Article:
Cramer and Rybak both attribute much of the population explosion in downtown Minneapolis in recent decades to Goodman’s work. They said Goodman’s work, especially supporting downtown residents, has set the city up well to transition to an area where there’s less emphasis on bringing in office workers every weekday.
But Rybak and Goodman weren’t always in agreement. For instance, she voted against the city’s funding for the new Vikings stadium. Rybak said he’s been on both sides of Goodman, and he prefers the good side, although he notes that Goodman has the rare political skill of being able to mend relationships after a disagreement.
“I would say Lisa and I had many many discussions kind of like you do with a sibling you care about at the Thanksgiving dinner table, you basically throw some mashed potatoes at each other and then kindly try to wipe it off the other’s face,” Rybak said. “I take the lumps that I took over the context of one of the most extraordinary partners that I’ve ever had in any job.”
‘Disagree without being disagreeable’
During Goodman’s tenure, the city experienced a devastating tornado in north Minneapolis, the collapse of the I-35W bridge and a foreclosure crisis that devastated the city’s housing stock. Then, in 2020, George Floyd was murdered by a Minneapolis police officer.
She was one of just four council members not to speak on a stage at Powderhorn Park following days of unrest, after she said organizers told her not to come if she couldn’t agree to a four-point pledge.
Although the council has never had control of the Minneapolis Police Department, Goodman said she received 25,153 emails from around the world of people blaming her for Floyd’s murder, calling her a racist or threatening her.
Goodman says she thinks the city’s on the right path with public safety, thanks to the state court-enforced agreement and expected federal consent decree on Minneapolis police. But she said those weeks left their mark on everyone involved.
“It was a stain on the city to have a public employee murder someone, but the aftermath was a gigantic stain on the city as well — civil unrest and war is never good,” Goodman said. “All that happened unfortunately was a lot of people were hurt, physically and emotionally and financially by the civil unrest that ensued.”
Since then, the tone of discussions about city policy seems to have become more vitriolic, Goodman said. Some of the mockery on social media is hurtful, and she’s tried to avoid it for her mental health.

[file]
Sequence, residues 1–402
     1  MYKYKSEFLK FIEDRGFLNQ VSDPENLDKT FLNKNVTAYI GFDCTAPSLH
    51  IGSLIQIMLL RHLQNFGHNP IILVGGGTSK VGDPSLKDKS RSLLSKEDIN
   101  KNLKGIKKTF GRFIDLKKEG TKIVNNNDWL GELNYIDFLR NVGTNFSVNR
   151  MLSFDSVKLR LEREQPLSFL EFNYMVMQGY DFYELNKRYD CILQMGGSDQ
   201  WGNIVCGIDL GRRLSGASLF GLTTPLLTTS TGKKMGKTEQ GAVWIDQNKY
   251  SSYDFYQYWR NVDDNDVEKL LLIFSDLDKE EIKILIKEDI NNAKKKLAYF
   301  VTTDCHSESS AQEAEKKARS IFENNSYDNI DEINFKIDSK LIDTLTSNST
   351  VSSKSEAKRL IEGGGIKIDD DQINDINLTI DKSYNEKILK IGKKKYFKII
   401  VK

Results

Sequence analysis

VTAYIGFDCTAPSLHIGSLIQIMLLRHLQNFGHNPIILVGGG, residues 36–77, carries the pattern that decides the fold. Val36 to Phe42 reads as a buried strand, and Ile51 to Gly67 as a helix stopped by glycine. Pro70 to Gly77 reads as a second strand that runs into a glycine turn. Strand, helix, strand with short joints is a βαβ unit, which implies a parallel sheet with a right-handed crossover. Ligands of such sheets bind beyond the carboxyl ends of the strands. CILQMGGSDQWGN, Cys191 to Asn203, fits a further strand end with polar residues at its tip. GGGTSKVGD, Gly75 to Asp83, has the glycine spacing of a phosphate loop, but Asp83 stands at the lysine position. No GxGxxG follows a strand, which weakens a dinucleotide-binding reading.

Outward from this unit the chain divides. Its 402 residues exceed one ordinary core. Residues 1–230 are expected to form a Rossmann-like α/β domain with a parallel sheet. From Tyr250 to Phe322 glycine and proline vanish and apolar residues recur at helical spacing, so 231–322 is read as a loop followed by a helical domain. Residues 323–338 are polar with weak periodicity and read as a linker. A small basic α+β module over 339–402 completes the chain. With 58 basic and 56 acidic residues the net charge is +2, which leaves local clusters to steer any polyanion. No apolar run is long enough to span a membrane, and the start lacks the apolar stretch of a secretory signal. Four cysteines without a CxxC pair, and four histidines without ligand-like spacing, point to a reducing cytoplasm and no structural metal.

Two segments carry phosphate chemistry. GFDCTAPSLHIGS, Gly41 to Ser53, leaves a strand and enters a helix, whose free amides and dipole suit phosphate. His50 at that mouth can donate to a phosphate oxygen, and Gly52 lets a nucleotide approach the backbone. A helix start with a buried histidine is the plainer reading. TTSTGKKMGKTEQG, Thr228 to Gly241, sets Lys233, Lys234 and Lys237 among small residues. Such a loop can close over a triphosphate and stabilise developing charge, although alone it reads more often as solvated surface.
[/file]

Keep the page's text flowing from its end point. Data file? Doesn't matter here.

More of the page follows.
Winton said Goodman’s critics on social media have missed the mark.
“Lisa can be a warm and kind person, she can also, as I noted, go to bat vigorously for her point of view and throw punches in the arena of politics,” Winton said. “But she has a big heart, she cares deeply about this city, and too often I think her critics miss that.”
But at times in recent years, Goodman, who described herself as someone who just loves her dog and believes in representative government, said the vitriol has even seemed to intrude on the decorum of the council chambers. Some council members, in her view, denigrate city staff “who come to work in person every day to fill potholes, pick up garbage, keep us safe and fight fires.”
Goodman admits she also can be pointed with her words.
During an October discussion on a community safety center in the 3rd precinct, Goodman peppered council member Jason Chavez with a series of questions on his proposal and seemed to dismiss it as a delay tactic.
Chavez shot back, “It is frustrating the way you treat me in public. It is disgusting. It is despicable and you don’t get to treat me like that.”
But she said generally the political atmosphere at city hall has become increasingly hostile, including personal attacks. That’s one reason she’s leaving.
“I don’t really want to be involved in a politics that’s about tearing people down, I want to be about a politics that makes people think that government is good, and they can influence government to do good things,” Goodman said. “We can disagree without being disagreeable.”
At last week’s press conference following the council’s passage of the 2024 city budget, Goodman said she’s heartened by the cooperation she experienced at the budget markup sessions, where less senior council members listened to her recommendation that they not raid money set aside for snow storage during the winter for other programs.
“I just feel really good as I’m leaving that we have this strong group of leaders, along with Mayor Frey, as well as a whole bunch of new diverse young women and men, who understand that to get to unanimity, we need to understand how to work together,” Goodman said at the press conference.
At the heart of Goodman’s ideals and approach to government is the Hebrew phrase “tikkun olam,” which means “repairing the world.” Her work in politics isn’t done yet. Goodman still has money in her campaign fund and plans to play a role in local politics. But she’s most passionate about federal policy, including abortion rights, where she said young women have renewed her faith in the movement.
“I am the same person I was when I was elected, everything has changed around me, and I think the most important thing is I’ve kept my eyes on the prize,” Goodman said. “I leave with a great amount of pride at the work I’ve done, and hope for what will happen in the city, and what I might be able to do to contribute to the community going forward.”